Conclusions: This study demonstrates the need for the establishment of a robust transitional care plan for these young adults involving paediatricians, child and adolescent mental health services professionals and adult psychiatrists; close working with drug and alcohol service, smoking prevention service and the police; and need to develop a post-discharge parent support system.


1G. Koshy, 2A. Delpisheh, 1B. J. Brabin. 1Royal Liverpool Children’s Hospital, Alder Hey, Liverpool, UK, 2Liverpool School of Tropical Medicine, Liverpool University, Liverpool, UK

Introduction: Attention deficit hyperactivity disorder (ADHD) is a common behavioural disorder affecting children in the UK.

Objective: To determine the magnitude of the epidemiological association of childhood obesity and smoking during pregnancy with childhood ADHD.

Methods: A retrospective cross-sectional survey was conducted in 2006 using a standardised respiratory health survey instrument to determine the association of ADHD risk with childhood obesity prevalence and maternal smoking during pregnancy. A total of 1074 school children aged 5–11 years in Merseyside were enrolled using a parent-completed questionnaire and ADHD was defined by the question “does your child have Attention Deficit Hyperactivity Disorder (ADHD), which has been diagnosed by a doctor?”.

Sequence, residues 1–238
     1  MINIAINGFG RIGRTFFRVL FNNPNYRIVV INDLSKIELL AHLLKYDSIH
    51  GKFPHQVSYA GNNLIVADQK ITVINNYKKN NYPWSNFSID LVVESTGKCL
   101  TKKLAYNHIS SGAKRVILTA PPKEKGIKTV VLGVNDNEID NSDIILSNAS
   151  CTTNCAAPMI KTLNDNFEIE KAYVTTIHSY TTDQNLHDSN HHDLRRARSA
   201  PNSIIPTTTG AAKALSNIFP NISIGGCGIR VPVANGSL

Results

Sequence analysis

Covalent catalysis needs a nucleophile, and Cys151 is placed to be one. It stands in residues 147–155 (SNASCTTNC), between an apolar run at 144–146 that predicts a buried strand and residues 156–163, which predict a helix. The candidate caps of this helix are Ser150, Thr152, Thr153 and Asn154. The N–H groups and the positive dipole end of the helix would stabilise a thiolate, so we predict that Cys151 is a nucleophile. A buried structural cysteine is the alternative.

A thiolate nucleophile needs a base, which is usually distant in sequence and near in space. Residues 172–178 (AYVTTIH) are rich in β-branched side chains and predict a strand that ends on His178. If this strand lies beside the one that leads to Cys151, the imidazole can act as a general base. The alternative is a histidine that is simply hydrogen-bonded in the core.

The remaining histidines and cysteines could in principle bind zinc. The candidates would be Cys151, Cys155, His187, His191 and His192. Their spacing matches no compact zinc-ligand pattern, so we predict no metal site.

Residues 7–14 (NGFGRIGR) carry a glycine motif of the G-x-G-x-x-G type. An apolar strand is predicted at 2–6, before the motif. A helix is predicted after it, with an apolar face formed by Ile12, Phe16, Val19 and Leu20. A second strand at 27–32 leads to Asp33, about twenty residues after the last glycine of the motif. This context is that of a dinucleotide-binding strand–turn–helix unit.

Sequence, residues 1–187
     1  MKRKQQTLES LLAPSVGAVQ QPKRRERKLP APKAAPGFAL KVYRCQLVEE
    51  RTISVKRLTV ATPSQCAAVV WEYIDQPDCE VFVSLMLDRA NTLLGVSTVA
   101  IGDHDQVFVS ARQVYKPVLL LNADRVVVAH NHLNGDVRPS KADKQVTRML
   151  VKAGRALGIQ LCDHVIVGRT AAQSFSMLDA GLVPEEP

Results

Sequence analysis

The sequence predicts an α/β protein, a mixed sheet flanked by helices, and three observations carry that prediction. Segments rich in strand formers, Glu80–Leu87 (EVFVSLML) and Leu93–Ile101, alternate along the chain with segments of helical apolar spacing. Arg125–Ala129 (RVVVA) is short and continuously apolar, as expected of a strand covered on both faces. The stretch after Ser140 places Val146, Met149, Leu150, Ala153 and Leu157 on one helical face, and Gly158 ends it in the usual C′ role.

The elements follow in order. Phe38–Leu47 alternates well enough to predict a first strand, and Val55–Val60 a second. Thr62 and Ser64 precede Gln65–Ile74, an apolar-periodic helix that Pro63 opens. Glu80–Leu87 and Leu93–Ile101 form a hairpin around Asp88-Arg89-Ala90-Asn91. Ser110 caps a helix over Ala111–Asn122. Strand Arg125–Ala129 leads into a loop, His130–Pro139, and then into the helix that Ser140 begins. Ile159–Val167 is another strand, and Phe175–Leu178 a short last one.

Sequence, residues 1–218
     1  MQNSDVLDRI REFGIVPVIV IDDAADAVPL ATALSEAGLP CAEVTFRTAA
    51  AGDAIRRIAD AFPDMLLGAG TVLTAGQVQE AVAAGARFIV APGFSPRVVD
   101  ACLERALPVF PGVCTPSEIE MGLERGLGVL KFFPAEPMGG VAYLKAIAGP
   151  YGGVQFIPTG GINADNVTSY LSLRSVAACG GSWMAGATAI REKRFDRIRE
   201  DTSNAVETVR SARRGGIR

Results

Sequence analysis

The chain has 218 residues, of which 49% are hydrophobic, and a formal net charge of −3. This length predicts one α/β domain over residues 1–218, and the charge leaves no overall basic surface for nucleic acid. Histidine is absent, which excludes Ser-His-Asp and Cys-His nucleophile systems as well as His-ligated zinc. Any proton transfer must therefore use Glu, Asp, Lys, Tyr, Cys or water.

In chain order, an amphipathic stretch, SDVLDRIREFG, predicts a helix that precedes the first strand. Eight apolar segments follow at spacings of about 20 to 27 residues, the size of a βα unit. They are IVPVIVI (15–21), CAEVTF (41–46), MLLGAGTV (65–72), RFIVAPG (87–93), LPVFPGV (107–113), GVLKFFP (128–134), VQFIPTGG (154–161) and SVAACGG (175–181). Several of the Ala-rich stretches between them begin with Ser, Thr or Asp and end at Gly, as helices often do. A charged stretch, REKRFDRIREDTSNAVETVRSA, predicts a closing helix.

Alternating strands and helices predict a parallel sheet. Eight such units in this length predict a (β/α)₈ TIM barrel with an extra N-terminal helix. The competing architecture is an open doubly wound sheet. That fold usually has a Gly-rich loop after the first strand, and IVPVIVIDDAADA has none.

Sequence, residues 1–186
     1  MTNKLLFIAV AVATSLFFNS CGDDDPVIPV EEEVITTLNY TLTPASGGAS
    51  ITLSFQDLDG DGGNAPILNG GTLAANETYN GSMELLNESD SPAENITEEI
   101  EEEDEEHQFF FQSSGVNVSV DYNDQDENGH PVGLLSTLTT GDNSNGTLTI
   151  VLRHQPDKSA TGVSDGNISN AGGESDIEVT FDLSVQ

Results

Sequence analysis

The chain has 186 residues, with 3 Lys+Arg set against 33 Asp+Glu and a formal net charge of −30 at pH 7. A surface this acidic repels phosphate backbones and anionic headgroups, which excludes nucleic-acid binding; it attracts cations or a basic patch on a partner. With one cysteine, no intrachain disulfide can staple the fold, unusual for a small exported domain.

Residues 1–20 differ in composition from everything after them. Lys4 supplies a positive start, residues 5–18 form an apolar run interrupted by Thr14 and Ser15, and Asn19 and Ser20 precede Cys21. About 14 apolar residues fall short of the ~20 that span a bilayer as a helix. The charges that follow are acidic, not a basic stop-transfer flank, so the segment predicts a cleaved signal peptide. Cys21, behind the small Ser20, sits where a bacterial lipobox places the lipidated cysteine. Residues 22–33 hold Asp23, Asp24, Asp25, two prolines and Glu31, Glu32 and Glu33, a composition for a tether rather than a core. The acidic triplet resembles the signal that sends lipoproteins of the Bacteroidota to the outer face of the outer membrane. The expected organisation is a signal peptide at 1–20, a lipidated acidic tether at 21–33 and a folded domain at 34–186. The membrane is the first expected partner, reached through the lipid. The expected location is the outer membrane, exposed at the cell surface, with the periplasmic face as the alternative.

Results: The prevalence of childhood obesity, maternal smoking during pregnancy and childhood ADHD was 9.1% (145 of 1602), 28.0% (267 of 955) and 3.4% (32 of 945) respectively. Prevalence of ADHD was 10.1% (11 of 109) in children with obesity(RR; 4.80, 95% CI 2.2 to 10.4, p<0.001) and 5.6% (14 of 251) in children born to mothers who smoked during pregnancy (RR; 2.44, 95% CI 1.1 to 4.9, p = 0.02) and. Regression analysis adjusting for household socio-economic status, low birth weight, single parent, gender, maternal and child age showed a significant association of risk of ADHD with obesity (AOR; 4.39, 95% CI 1.48 to 13.03, p = 0.008) and pregnancy smoking (AOR; 3.18, 95% CI 1.07 to 9.47, p = 0.04).

Conclusions: Childhood obesity and maternal smoking during pregnancy were associated with the development of ADHD in childhood. Measures taken to reduce smoking among pregnant women and obesity among children could help to reduce consequences of childhood ADHD.